I'm glad to see Linux gaining more support for mainstream games, with things like Proton.

At the same time, a part of me hopes that Linux never gets *too* popular as a gaming platform, because preventing cheating is essentially incompatible with the type of user-empowerment I love Linux for.

I was thinking about this when reading about the somewhat frightening anti-cheat tech games are using on Windows

@codesections Preventing cheating in most games just requires clever algorithms and decent information hygeine, not rootkits. It's a harder problem in FPS games, so most teams seem to just throw up their hands and take over the entire computer, but even simple stuff like "provide multiple fake sets of data, and only tell the computer which one's real just before the data needs to be used" would do the job without the need for invasive anti-cheat systems.

"The hottest game on Twitch, Valorant, isn’t even out yet, and cheating is already a problem that needs to be addressed."

Holy shit I'm getting old. I've never even used Twitch, but at least I know what it is and how one would use it! But Valorant? I'm hearing that name for the first time right now!!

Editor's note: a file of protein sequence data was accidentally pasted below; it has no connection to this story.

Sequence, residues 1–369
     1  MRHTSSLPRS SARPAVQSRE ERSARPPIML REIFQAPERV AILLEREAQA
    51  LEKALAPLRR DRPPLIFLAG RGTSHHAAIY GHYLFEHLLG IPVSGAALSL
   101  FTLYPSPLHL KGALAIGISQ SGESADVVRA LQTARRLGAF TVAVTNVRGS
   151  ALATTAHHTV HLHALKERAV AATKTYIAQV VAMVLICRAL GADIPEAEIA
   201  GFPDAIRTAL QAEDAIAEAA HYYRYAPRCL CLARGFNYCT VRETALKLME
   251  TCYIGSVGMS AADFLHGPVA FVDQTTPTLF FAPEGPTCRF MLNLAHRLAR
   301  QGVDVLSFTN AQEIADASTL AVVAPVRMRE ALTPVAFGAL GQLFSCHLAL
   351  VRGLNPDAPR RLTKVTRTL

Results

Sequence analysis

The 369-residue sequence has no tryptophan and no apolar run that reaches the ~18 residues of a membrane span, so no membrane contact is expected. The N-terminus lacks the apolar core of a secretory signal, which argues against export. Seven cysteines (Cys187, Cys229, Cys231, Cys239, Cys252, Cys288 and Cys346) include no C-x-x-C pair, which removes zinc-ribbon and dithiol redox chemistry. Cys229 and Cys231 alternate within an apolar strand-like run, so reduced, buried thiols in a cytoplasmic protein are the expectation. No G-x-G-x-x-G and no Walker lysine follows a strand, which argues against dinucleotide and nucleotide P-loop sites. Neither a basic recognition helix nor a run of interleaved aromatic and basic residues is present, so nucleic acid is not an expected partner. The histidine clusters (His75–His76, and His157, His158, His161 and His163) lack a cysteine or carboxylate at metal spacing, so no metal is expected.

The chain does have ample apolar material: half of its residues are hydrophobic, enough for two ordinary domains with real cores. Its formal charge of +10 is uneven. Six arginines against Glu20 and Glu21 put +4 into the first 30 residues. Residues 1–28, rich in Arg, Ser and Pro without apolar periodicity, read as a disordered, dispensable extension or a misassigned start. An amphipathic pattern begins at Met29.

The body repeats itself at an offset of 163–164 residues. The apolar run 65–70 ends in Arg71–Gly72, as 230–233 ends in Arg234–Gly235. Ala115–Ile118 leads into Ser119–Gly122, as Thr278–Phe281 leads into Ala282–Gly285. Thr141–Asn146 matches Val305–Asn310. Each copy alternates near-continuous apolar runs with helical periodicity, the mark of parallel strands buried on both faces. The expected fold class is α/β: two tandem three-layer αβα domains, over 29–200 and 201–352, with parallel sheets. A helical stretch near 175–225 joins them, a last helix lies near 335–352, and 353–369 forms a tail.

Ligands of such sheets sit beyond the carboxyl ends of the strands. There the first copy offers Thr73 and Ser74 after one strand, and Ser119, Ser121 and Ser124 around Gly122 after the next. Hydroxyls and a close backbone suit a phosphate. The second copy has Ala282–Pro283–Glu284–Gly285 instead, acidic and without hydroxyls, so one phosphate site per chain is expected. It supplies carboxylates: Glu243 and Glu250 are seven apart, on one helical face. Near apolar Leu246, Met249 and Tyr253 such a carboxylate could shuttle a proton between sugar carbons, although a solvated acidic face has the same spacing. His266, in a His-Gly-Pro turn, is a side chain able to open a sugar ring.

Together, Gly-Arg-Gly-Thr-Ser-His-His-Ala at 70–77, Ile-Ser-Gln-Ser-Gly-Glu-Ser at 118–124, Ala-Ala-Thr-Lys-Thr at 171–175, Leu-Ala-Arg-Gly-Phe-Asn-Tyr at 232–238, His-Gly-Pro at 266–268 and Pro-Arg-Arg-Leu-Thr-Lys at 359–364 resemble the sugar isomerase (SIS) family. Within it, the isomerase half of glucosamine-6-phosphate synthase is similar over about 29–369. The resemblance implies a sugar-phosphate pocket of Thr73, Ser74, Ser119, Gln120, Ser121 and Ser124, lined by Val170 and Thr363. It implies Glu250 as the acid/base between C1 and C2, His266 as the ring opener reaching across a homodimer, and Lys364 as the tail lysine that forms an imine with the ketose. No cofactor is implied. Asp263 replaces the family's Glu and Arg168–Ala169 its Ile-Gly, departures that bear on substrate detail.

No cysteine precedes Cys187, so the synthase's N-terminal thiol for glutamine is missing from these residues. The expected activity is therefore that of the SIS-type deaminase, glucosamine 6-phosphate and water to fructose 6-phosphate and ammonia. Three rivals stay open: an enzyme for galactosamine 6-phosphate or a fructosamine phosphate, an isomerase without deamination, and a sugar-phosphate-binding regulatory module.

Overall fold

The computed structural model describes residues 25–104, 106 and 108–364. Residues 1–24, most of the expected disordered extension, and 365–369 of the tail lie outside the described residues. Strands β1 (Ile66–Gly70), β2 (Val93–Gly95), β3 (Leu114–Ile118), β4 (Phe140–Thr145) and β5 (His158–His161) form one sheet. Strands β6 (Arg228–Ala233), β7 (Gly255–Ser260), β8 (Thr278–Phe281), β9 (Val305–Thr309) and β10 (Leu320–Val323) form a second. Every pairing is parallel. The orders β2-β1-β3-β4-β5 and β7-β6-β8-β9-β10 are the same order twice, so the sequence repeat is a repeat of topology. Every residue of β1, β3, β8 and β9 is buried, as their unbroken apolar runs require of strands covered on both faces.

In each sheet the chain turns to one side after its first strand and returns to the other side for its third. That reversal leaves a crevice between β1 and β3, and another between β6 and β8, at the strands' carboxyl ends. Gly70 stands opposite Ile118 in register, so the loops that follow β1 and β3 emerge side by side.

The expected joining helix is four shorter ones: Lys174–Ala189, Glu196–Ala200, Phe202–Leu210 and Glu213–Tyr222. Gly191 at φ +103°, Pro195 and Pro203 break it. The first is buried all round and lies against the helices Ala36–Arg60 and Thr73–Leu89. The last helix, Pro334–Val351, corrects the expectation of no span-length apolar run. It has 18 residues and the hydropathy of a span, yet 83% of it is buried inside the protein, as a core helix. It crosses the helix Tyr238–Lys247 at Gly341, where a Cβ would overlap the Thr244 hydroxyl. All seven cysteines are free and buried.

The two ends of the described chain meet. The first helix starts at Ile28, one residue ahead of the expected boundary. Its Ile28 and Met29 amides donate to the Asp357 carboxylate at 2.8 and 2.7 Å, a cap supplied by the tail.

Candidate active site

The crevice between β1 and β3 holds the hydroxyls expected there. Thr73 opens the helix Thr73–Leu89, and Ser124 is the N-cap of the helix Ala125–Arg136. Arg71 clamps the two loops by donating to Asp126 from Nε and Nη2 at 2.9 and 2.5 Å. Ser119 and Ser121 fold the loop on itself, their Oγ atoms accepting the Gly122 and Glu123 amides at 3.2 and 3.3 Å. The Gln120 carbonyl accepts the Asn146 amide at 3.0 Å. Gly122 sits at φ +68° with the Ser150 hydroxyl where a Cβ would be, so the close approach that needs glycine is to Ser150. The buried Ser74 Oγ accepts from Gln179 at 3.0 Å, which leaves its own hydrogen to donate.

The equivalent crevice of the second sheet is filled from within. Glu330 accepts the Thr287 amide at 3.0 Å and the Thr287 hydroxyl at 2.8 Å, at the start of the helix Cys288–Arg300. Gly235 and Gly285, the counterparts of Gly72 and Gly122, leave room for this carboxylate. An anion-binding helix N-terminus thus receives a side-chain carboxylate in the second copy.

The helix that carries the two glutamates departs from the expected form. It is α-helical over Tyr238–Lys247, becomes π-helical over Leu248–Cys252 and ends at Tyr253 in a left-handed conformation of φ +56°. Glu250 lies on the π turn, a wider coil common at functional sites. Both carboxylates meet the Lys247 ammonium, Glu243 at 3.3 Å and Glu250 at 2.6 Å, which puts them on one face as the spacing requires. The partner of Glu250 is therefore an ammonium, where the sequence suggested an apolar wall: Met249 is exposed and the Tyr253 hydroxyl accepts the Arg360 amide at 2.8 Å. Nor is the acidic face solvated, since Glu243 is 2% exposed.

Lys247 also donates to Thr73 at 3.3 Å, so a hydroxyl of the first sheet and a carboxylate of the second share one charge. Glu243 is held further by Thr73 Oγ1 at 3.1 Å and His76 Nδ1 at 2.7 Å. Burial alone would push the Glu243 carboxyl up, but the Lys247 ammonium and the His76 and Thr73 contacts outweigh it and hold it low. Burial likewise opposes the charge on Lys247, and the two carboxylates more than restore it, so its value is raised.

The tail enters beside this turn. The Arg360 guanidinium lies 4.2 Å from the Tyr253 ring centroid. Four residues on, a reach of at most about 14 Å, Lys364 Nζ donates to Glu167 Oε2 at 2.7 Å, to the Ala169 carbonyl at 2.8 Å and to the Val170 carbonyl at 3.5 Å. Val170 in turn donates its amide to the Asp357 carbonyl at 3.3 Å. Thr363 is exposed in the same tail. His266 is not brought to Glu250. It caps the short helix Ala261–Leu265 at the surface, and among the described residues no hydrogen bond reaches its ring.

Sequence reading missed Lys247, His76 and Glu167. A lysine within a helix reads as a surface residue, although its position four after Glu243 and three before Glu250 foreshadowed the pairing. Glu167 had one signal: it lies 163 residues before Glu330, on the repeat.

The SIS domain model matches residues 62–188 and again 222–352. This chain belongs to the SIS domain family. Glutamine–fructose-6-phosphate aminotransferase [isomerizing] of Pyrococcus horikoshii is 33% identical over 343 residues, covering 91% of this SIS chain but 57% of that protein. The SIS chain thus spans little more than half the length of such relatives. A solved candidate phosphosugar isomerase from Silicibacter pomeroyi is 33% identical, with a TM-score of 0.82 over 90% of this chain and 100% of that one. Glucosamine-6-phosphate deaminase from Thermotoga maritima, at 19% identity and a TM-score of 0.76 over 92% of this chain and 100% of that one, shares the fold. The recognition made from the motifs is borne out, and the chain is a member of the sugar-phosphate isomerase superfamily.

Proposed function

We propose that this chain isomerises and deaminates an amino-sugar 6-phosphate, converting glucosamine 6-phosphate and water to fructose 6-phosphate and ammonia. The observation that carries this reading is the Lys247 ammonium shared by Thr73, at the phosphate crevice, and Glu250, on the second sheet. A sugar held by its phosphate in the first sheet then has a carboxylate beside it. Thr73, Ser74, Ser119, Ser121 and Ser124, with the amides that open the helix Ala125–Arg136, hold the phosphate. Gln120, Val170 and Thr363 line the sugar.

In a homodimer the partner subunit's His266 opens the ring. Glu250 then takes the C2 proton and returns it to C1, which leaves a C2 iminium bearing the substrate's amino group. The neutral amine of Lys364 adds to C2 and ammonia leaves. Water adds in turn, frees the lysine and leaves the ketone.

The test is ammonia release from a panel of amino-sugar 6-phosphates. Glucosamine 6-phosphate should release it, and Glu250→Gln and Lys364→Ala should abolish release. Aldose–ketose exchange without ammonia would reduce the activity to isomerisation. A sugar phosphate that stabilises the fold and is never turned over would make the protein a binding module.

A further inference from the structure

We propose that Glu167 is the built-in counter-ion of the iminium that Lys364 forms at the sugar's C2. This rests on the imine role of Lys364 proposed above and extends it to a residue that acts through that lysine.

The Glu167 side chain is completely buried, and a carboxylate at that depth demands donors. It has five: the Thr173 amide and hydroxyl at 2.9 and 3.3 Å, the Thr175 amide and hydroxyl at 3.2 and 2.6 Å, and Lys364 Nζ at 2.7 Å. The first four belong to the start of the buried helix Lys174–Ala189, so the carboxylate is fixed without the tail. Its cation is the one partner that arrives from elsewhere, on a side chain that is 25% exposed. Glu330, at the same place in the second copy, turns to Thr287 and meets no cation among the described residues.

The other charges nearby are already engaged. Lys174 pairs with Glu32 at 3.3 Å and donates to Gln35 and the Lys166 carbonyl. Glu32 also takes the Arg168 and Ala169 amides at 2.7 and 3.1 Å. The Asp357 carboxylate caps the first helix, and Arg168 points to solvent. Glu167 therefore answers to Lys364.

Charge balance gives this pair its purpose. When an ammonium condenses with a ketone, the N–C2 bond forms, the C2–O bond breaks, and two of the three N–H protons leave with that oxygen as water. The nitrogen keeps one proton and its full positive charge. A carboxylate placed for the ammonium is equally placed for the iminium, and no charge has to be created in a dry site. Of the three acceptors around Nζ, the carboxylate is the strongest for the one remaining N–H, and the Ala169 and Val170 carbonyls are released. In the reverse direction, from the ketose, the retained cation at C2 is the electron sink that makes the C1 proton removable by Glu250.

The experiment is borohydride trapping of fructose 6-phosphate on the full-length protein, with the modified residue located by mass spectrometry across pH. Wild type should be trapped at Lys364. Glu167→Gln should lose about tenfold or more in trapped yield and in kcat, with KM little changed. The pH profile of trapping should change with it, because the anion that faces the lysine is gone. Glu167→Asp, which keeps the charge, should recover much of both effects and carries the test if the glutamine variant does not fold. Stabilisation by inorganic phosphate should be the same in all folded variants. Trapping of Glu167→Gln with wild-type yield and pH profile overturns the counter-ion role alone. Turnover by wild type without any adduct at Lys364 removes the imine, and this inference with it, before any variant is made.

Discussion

@codesections What is wrong with people... anti-cheat happens on the server, not by putting rootkits on the clients 🤦‍♂️

@Matter @codesections Or... essentially by a smart game design, That invasive practices are Windows-Only, thanks!

@codesections Valve is friendly to linux, and they do have anti-cheat that is not a rootkit. Mostly, they catch cheaters by looking at what they are doing, not by backdooring your system.


I remember when spotify first started working on linux and they had no way of stopping people from skipping the ads in the free version. They started making them unskippable, but there were scripts to detect them and turn the volume down.

Then after a while the API stopped allowing logins from free accounts on some (linux) clients 🤷‍♀️

@codesections More reason to make cross-platform anti-cheat software!


I all but gave up on multiplayer gaming years ago due to my dislike for the anticheat and DRM being added to them. I could either compromise my values or stick to single player. There are a few DRM free multiplayer games but not many.

@codesections It's amazing that the article basically says that the "openness of the Windows platform is what makes cheating so hard to prevent." If we're treating Windows as "too open" I don't even know what to say.

Anything that happens on the client is hackable anyhow.

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